Aromatic and antiaromatic ring currents in a molecular nanoring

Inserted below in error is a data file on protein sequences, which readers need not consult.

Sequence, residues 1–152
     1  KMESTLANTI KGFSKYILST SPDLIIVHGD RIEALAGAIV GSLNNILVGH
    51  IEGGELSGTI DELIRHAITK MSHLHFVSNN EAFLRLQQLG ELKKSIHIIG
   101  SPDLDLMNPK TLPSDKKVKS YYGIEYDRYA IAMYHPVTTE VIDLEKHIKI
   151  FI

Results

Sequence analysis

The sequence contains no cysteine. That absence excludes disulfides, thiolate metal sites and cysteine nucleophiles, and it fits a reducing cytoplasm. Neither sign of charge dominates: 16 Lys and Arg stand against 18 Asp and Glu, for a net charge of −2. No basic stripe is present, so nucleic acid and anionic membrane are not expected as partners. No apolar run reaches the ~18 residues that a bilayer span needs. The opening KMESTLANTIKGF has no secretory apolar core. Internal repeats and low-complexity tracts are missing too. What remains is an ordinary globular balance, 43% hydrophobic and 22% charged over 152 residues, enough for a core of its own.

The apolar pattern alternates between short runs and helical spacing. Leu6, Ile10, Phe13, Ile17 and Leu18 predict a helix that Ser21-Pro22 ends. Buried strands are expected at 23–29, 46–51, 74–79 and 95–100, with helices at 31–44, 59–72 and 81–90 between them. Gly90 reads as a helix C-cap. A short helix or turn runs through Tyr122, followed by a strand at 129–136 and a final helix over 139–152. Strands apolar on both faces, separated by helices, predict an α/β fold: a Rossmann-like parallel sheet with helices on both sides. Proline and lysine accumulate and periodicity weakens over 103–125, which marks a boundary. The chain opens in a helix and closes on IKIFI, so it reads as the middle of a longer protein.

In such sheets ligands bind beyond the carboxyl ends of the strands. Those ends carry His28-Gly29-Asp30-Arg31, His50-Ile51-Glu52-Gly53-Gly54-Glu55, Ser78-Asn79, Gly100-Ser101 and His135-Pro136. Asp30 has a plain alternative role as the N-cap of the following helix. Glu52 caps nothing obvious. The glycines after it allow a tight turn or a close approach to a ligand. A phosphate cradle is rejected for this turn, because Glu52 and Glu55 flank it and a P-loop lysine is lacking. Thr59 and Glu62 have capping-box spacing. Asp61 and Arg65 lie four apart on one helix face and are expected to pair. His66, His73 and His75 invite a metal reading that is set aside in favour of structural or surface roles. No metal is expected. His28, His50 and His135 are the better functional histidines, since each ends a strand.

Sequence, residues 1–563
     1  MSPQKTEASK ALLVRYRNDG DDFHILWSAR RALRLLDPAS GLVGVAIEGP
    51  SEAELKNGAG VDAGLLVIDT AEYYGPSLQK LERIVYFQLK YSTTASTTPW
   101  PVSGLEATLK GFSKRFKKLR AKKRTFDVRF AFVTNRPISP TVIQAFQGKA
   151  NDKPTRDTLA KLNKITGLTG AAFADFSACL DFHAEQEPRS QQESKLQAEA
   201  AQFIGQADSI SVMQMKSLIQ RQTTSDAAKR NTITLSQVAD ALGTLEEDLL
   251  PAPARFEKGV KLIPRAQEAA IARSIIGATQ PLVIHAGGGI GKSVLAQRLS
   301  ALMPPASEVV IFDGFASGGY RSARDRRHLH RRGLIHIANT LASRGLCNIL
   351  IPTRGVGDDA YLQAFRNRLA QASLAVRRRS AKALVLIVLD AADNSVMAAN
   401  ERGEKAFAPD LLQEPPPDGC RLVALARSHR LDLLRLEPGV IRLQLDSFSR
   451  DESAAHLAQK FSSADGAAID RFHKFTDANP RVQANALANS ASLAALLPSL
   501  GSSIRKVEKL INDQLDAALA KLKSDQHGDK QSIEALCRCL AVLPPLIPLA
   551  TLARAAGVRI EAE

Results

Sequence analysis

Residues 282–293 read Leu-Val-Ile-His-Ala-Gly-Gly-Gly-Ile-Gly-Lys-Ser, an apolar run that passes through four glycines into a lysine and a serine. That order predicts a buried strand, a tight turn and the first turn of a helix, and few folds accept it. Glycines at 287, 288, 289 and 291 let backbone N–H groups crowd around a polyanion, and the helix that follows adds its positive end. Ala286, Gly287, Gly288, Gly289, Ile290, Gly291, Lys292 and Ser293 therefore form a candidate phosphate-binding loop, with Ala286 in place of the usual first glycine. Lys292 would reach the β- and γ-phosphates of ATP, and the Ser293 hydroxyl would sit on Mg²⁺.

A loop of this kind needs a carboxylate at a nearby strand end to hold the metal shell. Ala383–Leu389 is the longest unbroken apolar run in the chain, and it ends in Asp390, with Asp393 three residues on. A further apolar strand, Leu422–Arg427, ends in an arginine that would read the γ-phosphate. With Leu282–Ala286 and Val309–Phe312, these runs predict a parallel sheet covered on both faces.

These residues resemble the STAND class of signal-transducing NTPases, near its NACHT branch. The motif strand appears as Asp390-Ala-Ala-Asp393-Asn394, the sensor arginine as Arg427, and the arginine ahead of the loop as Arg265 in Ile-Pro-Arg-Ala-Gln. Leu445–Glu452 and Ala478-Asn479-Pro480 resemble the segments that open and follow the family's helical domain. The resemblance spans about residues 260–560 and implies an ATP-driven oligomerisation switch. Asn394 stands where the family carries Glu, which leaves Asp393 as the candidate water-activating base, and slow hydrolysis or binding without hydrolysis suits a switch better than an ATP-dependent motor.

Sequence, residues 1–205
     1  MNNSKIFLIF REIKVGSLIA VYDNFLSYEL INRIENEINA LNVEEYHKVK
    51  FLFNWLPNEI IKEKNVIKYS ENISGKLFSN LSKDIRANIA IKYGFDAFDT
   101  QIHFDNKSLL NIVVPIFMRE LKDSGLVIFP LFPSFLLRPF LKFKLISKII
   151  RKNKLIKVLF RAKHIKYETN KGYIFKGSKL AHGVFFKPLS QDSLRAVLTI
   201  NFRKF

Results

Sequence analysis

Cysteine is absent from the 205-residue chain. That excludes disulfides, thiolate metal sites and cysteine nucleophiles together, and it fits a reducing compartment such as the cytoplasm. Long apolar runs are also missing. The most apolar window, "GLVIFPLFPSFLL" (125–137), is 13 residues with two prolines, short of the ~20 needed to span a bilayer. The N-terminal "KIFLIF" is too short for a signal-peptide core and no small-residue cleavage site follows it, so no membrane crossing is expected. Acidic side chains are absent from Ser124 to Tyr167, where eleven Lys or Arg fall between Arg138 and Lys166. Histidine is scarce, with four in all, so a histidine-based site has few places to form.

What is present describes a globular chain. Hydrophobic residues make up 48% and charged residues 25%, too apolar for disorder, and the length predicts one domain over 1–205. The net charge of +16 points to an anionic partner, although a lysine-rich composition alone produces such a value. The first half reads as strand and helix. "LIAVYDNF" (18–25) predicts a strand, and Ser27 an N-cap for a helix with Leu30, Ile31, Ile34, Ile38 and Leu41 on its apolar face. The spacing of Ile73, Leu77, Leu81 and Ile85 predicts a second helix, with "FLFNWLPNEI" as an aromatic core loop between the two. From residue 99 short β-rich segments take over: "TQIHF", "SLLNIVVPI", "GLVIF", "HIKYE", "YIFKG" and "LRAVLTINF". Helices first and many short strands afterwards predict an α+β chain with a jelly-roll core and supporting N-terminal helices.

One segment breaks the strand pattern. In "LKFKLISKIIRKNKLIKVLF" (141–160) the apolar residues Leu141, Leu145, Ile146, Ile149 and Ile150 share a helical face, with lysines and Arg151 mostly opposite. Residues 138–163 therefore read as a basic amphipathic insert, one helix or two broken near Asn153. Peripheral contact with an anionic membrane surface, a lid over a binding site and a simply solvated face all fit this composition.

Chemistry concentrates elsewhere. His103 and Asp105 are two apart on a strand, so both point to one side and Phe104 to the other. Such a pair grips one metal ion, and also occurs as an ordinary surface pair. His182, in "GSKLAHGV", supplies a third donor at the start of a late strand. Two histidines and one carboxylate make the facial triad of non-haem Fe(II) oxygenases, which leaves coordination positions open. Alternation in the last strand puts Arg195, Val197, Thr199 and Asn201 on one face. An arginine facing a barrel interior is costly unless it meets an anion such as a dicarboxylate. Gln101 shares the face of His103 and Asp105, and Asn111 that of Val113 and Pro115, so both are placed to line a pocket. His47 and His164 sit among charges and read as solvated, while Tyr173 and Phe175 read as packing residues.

Aromatic and antiaromatic molecules—which have delocalized circuits of [4n + 2] or [4n] electrons, respectively—exhibit ring currents around their perimeters1,2,3,4. The direction of the ring current in an aromatic molecule is such as to generate a magnetic field that opposes the external field inside the ring (a ‘diatropic’ current), while the ring current in an antiaromatic molecule flows in the reverse direction (‘paratropic’)5. Similar persistent currents occur in metal or semiconductor rings, when the phase coherence of the electronic wavefunction is preserved around the ring6,7. Persistent currents in non-molecular rings switch direction as a function of the magnetic flux passing through the ring, so that they can be changed from diatropic (‘aromatic’) to paratropic (‘antiaromatic’) simply by changing the external magnetic field. As in molecular systems, the direction of the persistent current also depends on the number of electrons8. The relationship between ring currents in molecular and non-molecular rings is poorly understood, partly because they are studied in different size regimes: the largest aromatic molecules have diameters of about one nanometre, whereas persistent currents are observed in microfabricated rings with diameters of 20–1,000 nanometres. Understanding the connection between aromaticity and quantum-coherence effects in mesoscopic rings provides a motivation for investigating ring currents in molecules of an intermediate size9. Here we show, using nuclear magnetic resonance spectroscopy and density functional theory, that a six-porphyrin nanoring template complex, with a diameter of 2.4 nanometres, is antiaromatic in its 4+ oxidation state (80 π electrons) and aromatic in its 6+ oxidation state (78 π electrons). The antiaromatic state has a huge paramagnetic susceptibility, despite having no unpaired electrons. This work demonstrates that a global ring current can be promoted in a macrocycle by adjusting its oxidation state to suppress the local ring currents of its components.The discovery of ring currents around a molecule with a circumference of 7.5 nanometres, at room temperature, shows that quantum coherence can persist in surprisingly large molecular frameworks.